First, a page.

The doctrine of total depravity was affirmed by the Five articles of Remonstrance, Jacobus Arminius, and John Wesley, who strongly identified with Arminius through publication of his periodical The Arminian, which advocated a strong doctrine of inability.[10] The term Arminianism has come to include those who hold the Semipelagian doctrine of limited depravity, which allows for an "island of righteousness" in human hearts that is uncorrupted by sin and able to accept God's offer of salvation without a special dispensation of grace. Although Arminius and Wesley both vehemently rejected this view, it has sometimes inaccurately been lumped together with theirs (particularly by Calvinists) because of other similarities in their respective systems such as conditional election, unlimited atonement, and prevenient grace.

Some oppose the doctrine because they believe it implicitly rejects either God's love or omnipotence arguing that if the doctrine of total inability is correct, God must either be not loving or not omnipotent. Advocates of total depravity offer a variety of responses to this line of argumentation. Wesleyans suggest that God endowed man with the free will that allowed humanity to become depraved and he also provided a means of escape from the depravity. Calvinists note that the argument assumes that either God's love is necessarily incompatible with corruption or that God is constrained to follow the path that some people see as best, whereas they believe God's plans are not fully known to man and God's reasons are his own and not for man to question (compare Rom. 9:18-24; Job 38:1-42:6). Some particularly dislike the Calvinist response because it leaves the matter of God's motives and means largely unresolved, but the Calvinist sees it merely as following Calvin's famous dictum that "whenever the Lord shuts his sacred mouth, [the student of the Bible] also desists from inquiry."[11]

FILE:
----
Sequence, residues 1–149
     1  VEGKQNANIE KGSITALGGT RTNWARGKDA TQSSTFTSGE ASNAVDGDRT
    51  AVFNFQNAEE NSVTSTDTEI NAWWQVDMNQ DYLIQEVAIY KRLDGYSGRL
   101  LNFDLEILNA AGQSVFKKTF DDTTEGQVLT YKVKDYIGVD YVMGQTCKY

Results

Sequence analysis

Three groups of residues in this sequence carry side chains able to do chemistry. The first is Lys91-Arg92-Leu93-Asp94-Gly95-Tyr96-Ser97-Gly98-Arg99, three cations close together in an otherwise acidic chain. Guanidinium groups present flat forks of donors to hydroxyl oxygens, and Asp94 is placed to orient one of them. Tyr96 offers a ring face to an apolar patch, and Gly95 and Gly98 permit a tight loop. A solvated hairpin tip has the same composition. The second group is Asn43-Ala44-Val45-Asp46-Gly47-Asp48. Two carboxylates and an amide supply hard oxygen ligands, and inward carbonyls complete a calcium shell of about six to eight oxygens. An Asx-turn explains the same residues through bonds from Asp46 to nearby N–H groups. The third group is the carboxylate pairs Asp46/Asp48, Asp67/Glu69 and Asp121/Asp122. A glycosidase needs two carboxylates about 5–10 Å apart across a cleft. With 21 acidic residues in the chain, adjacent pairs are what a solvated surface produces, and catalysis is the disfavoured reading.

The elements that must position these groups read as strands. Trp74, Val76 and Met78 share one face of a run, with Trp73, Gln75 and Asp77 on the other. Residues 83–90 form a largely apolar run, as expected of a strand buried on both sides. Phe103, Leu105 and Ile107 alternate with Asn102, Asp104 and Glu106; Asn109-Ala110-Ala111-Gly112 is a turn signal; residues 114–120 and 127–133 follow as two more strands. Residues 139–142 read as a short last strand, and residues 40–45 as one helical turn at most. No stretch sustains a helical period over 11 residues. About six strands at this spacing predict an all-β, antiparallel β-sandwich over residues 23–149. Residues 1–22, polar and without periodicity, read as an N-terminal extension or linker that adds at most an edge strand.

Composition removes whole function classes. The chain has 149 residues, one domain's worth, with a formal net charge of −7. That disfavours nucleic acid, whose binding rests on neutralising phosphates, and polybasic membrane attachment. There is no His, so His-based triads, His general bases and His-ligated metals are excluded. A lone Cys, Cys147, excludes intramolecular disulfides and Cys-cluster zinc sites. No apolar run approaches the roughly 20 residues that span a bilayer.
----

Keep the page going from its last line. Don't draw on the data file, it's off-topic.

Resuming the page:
Notes

  1. The Book of Concord, "The Thorough Declaration of the Formula of Concord," chapter II, sections 11 and 12; The Augsburg Confession, Article 2 Retrieved June 24, 2008.
  2. See the Anglican Thirty-nine Articles, Articles 9 and 10, and the Methodist Articles of Religion, Article 7. Retrieved June 24, 2008.
  3. Canons of Dordrecht, "The Third and Fourth Main Points of Doctrine"; Westminster Confession of Faith, chapter 6; Westminster Larger Catechism, Question 25; Heidelberg Catechism, question 8 Retrieved June 24, 2008.
  4. The Westminster Confession of Faith, 9.3 Retrieved June 24, 2008.
  5. Quotations are from the ESV except where noted.
  6. Judgements of the Council of Orange Retrieved June 24, 2008.
  7. "Teaching of St. Augustine of Hippo" from the Catholic Encyclopedia. Retrieved June 24, 2008.
  8. Item 407 in section 1.2.1.7. Emphasis added. Retrieved June 24, 2008.
  9. Council of Trent, Session 6, canon 5 Retrieved June 24, 2008.
  10. Sermon 44, "Original Sin"; compare verse 4 of Charles Wesley's hymn "And Can It Be" Retrieved June 24, 2008.
  11. Institutes of the Christian Religion 3.21.3 Retrieved June 24, 2008.

References

  • Clymer, R. Swinburne. 2006. Why Total Depravity Comes Only from Living a Depraved Life. Kessinger Publishing. ISBN 978-1428679108
  • Hezekiam, Benjamin. 2003. Total Depravity and Free Will. King & Associates. ISBN 978-0974173009
  • Hubbard, Elbert. 2006. Total Depravity. Kessinger Publishing. ISBN 978-1428695566
  • Reisinger, John G. 2000. Total Depravity. New Covenant Media. ISBN 978-1928965053

External links

All links retrieved December 11, 2015.